Send to

Choose Destination
See comment in PubMed Commons below
Bioorg Med Chem. 1997 Jun;5(6):1001-9.

Strategy for RNA recognition by yeast histidyl-tRNA synthetase.

Author information

UPR 9002 'Structure des Macromolécules Biologiques et Mécanismes de Reconnaissance', Institute de Biologie Moléculaire et Cellulaire du Centre National de la Recherche Scientifique, Strasbourg, France.


Histidine aminoacylation systems are of interest because of the structural diversity of the RNA substrates recognized by histidyl-tRNA synthetases. Among tRNAs participating in protein synthesis, those specific for histidine all share an additional residue at their 5'-extremities. On the other hand, tRNA-like domains at the 3'--termini of some plant viruses can also be charged by histidyl-tRNA synthetases, although they are not actors in protein synthesis. This is the case for the RNAs from tobacco mosaic virus and its satellite virus but also those of turnip yellow and brome mosaic viruses. All these RNAs have intricate foldings at their 3'-termini differing from that of canonical tRNAs and share a pseudoknotted domain which is the prerequisite for their folding into structures mimicking the overall L-shape of tRNAs. This paper gives an overview on tRNA identity and rationalizes the apparently contradictory structural and aminoacylation features of histidine-specific tRNAs and tRNA-like structures. The discussion mainly relies on histidylation data obtained with the yeast synthetase, but the conclusions are of a more universal nature. In canonical tRNA(His), the major histidine identity element is the 'minus' 1 residue, since its removal impairs histidylation and conversely its addition to a non-cognate tRNA(Asp) confers histidine identity to the transplanted molecule. Optimal expression of histidine identity depends on the chemical nature of the -1 residue and is further increased and/or modulated by the discriminator base N73 and by residues in the anticodon. In the viral tRNA-like domains, the major identity determinant -1 is mimicked by a residue from the single-stranded L1 regions of the different pseudoknots. The consequences of this mimicry for the function of minimalist RNAs derived from tRNA-like domains are discussed. The characteristics of the histidine systems illustrate well the view that the core of the amino acid accepting RNAs is a scaffold that allows proper presentation of identity nucleotides to their amino acid identity counterparts in the synthetase and that different types of scaffoldings are possible.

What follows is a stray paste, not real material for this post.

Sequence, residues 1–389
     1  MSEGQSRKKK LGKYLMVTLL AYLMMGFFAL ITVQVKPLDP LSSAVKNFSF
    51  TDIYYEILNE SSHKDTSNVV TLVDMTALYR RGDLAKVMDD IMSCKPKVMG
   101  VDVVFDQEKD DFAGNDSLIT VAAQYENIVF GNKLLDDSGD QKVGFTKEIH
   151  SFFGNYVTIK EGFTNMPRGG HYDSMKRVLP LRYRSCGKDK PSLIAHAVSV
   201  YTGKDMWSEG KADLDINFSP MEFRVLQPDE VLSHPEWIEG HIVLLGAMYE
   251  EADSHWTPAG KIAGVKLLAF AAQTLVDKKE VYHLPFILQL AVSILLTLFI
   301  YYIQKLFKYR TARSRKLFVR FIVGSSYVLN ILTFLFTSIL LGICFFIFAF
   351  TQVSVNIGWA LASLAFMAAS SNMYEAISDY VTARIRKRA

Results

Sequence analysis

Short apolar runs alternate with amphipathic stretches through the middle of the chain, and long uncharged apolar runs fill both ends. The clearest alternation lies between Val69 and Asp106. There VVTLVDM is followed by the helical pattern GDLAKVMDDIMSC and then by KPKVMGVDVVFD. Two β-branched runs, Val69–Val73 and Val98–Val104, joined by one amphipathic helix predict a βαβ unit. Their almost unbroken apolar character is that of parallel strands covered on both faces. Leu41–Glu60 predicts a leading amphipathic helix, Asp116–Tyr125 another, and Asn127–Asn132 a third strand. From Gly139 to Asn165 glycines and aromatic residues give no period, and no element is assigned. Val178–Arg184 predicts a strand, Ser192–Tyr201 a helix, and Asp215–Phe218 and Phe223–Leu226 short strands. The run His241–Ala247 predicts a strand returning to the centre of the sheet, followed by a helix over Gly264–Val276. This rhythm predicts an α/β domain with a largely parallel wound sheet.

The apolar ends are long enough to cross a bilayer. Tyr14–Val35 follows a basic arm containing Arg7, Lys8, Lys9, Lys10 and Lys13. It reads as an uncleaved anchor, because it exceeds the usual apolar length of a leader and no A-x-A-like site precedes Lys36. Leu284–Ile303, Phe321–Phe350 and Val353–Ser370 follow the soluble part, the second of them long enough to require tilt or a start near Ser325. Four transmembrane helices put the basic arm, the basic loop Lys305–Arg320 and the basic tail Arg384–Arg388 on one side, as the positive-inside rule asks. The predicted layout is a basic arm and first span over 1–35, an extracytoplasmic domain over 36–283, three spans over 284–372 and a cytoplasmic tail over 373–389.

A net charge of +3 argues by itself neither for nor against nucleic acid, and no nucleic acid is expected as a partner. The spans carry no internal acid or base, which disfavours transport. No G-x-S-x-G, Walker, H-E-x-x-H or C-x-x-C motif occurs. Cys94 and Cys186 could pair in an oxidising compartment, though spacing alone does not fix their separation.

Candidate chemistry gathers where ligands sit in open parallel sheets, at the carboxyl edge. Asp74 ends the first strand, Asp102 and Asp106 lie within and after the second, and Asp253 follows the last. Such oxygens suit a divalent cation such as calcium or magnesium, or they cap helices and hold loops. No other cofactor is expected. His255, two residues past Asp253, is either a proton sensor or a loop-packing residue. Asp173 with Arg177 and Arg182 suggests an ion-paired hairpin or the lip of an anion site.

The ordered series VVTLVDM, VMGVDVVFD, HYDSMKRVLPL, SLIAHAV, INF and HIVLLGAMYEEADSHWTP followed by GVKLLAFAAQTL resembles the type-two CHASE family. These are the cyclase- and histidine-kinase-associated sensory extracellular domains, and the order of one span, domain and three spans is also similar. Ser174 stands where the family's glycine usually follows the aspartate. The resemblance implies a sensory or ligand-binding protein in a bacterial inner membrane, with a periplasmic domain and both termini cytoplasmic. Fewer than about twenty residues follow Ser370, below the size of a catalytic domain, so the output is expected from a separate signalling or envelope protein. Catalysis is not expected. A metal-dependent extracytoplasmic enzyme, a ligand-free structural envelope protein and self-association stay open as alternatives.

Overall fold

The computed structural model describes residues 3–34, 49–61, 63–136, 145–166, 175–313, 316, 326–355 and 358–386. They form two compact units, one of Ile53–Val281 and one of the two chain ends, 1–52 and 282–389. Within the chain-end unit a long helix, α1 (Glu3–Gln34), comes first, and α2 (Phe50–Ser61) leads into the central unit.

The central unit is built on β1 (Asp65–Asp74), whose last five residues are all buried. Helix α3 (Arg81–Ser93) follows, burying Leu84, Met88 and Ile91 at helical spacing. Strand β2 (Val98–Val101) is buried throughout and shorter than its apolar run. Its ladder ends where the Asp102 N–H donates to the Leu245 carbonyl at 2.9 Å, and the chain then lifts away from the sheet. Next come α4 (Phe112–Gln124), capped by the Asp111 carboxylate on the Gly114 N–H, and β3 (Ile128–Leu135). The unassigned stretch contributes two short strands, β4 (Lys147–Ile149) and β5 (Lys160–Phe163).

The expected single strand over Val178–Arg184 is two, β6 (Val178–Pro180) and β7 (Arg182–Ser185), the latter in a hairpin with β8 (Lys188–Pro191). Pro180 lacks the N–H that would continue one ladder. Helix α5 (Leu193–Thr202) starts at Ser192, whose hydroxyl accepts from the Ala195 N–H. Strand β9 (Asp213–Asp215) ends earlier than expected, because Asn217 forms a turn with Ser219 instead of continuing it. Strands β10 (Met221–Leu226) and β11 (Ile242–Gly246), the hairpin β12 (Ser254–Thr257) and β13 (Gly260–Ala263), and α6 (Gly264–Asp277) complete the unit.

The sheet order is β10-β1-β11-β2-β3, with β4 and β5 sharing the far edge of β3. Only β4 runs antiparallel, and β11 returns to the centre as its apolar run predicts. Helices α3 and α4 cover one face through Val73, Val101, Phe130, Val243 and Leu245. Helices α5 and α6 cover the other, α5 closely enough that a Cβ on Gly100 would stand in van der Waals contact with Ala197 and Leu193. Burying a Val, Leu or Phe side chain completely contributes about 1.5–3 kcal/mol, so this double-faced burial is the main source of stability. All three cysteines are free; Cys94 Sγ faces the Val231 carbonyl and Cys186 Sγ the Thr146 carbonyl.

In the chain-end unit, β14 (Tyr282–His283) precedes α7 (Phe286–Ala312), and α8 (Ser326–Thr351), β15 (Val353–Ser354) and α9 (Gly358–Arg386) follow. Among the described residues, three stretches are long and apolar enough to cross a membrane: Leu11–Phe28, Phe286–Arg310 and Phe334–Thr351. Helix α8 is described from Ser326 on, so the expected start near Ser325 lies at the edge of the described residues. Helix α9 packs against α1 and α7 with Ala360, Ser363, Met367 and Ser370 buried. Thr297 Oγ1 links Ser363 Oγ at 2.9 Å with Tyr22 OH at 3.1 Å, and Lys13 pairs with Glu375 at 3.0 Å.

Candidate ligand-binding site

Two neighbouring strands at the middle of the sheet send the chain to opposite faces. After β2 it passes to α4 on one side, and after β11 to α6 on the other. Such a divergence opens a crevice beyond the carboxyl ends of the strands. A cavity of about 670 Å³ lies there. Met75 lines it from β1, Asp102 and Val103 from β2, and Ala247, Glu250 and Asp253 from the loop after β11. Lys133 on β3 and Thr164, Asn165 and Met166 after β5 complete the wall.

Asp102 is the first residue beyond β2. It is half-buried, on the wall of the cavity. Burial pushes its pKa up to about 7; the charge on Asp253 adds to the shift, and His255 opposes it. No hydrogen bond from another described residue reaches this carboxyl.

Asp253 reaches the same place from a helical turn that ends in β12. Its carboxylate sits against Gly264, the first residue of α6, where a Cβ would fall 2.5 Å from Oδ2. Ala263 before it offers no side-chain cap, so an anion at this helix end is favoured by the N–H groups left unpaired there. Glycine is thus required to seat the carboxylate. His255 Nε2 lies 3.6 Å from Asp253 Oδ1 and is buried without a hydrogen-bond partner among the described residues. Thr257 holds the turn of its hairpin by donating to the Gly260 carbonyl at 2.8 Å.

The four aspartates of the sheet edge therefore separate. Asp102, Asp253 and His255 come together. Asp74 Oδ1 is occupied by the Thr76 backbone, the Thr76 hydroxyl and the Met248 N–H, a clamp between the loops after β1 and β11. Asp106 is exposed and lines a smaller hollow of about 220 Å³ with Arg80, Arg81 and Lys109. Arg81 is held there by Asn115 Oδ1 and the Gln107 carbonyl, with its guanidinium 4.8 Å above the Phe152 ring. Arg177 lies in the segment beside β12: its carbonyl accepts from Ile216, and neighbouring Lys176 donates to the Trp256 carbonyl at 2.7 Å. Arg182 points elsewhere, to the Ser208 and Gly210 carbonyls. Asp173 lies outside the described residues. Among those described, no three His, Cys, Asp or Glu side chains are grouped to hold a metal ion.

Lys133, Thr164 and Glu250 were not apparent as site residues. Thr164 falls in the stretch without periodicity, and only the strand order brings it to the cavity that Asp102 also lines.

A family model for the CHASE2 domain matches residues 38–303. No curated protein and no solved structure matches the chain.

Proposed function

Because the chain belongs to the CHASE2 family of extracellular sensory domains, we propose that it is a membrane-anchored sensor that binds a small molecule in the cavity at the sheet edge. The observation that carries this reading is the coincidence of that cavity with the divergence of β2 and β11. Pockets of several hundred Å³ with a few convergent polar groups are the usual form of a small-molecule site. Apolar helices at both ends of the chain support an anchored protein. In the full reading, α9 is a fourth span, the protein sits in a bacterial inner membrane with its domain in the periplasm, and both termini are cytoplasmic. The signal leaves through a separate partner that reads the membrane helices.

[Indexed for MEDLINE]
PubMed Commons home

PubMed Commons

How to join PubMed Commons

    Supplemental Content

    Full text links

    Icon for Elsevier Science
    Loading ...
    Support Center